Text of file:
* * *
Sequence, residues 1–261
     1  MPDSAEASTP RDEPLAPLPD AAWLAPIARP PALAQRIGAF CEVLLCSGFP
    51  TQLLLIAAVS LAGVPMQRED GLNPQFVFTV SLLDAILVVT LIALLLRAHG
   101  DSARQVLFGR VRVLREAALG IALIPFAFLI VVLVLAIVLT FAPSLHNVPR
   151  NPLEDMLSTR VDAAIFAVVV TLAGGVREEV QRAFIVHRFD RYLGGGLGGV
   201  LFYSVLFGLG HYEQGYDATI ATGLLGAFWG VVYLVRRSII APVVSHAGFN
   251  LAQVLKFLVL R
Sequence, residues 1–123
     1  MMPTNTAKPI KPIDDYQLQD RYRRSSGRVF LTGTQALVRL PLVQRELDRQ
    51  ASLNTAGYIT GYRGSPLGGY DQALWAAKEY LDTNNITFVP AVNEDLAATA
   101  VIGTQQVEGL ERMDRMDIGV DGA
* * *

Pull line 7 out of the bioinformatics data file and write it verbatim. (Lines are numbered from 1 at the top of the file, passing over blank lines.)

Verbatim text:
   251  LAQVLKFLVL R